28 U.S.C. § 2679(a) & (b); Smith v. United States, 561 F.3d 1090, 1099 (10th Cir. 2009); Coulibaly, 213 F.Supp.3d at 124 (providing that because the FTCA accords federal employees absolute immunity from common-law tort claims arising out of acts they undertake in the course of their official duties, a plaintiff “may not bring tort claims against federal officials in their official capacities or against federal agencies; the proper defendant is the United States itself”).

Even though the FTCA provides a limited waiver of sovereign immunity against the United States, such waiver applies only when the claimant has exhausted his administrative remedies, which Mr. Brunson has failed to do. To exhaust administrative remedies under the FTCA, Congress requires a plaintiff to first present the claim to the agency whose employees allegedly committed the negligent or wrongful act and wait six months for the agency to act before filing suit. The failure to exhaust administrative remedies precludes a court from exercising subject matter jurisdiction over any alleged tort claim. Relevant here, “[b]efore initiating a lawsuit against a United States Senator, a plaintiff is first required to file an administrative tort claim with the United States Senate under the FTCA.” Thus, even assuming, arguendo, that Mr. Brunson had alleged claims falling within the limited waiver of sovereign immunity under the FTCA, his failure to exhaust administrative remedies would nonetheless preclude this court from exercising jurisdiction over those claims. Therefore, the United States has not waived it sovereign immunity to be sued under the FTCA for any of Mr. Brunson's claims sounding in tort.


See, e.g., McNeil v. United States, 508 U.S. 106, 113 (1993) (“The FTCA bars claimants from bringing suit in federal court until they have exhausted their administrative remedies. Because petitioner failed to heed that clear statutory command, the District Court properly dismissed his suit.”).

DeMasi v. Schumer, 608 F.Supp.2d 516, 525 (S.D.N.Y. 2009).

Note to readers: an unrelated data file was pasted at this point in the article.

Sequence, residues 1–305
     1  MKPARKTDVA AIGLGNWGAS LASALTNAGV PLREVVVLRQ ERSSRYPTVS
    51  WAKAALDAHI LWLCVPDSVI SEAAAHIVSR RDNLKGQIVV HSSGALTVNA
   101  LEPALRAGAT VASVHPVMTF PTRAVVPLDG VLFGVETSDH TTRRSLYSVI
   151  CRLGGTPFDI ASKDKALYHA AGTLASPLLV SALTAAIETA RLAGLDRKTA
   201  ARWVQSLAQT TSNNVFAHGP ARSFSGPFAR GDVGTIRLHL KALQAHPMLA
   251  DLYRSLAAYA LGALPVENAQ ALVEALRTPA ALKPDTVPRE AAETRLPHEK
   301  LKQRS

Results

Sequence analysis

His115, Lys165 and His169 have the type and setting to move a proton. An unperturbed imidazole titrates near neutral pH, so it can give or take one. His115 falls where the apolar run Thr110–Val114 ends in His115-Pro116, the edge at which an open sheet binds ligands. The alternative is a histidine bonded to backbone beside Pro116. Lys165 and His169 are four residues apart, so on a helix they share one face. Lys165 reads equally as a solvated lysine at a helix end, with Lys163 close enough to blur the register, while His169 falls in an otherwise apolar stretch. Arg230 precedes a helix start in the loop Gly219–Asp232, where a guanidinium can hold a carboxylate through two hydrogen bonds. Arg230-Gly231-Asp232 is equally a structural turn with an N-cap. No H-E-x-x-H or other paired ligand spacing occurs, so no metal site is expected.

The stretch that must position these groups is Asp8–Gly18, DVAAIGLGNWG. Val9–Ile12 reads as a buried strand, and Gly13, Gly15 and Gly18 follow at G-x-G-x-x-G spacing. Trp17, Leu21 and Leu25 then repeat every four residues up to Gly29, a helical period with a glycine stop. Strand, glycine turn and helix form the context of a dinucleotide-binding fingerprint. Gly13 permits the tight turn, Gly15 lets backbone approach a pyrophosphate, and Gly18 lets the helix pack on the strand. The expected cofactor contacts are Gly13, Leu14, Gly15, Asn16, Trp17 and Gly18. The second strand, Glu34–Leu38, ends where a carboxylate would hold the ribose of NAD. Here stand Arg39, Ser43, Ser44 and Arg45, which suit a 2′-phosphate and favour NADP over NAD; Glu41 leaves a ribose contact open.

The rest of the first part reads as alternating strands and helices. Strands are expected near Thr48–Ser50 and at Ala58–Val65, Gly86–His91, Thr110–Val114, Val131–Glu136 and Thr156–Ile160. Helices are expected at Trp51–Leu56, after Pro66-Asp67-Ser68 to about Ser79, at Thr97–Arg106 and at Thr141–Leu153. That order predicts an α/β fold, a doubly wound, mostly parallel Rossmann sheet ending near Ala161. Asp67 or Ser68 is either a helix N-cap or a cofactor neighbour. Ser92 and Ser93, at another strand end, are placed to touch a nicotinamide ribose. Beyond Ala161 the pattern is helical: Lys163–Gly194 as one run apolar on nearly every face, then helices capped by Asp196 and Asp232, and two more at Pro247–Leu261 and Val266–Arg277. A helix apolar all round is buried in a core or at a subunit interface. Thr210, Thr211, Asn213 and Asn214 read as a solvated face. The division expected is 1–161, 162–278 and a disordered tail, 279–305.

Id. (dismissing case against United States Senator for failure to allege compliance with exhaustion requirement).

Finally, Mr. Brunson has also failed to provide any basis for waiver of sovereign immunity for the two causes of action couched in terms of “promissory estoppel.” For starters, the there is no independent cause of action against the government founded on promissory estoppel. To the extent the promissory estoppel causes of action are more properly construed as tort claims, the court lacks jurisdiction over those claims for the reasons set forth above.

See ECF No. 2-1 at 15-18.

See, e.g., Jablon v. United States, 657 F.2d 1064, 1070 (9th Cir. 1981) (dismissing promissory estoppel claim against government, stating “[w]e have not discovered, and the parties have not cited, any precedent in this circuit for an independent cause of action against the government founded upon promissory estoppel. Neither have we discovered a statute which would allow [plaintiff] to sue the United States in this instance.”); see also, e.g., Santoni v. Fed. Deposit Ins. Corp., 677 F.2d 174, 179 (1st Cir. 1982) (holding that claims based on promissory estoppel sounded in tort for misrepresentation and therefore were barred by the FTCA); Coulibaly, 213 F.Supp.3d at 126-28 (dismissing promissory estoppel claims against federal government employees, regardless of whether claims sounded in tort or contract); Orleans Parish Communication Dist. v. FEMA, No . 11-209, 2011 WL 4829887, at *8 n.5 (E.D. La. Oct. 12, 2011) (same).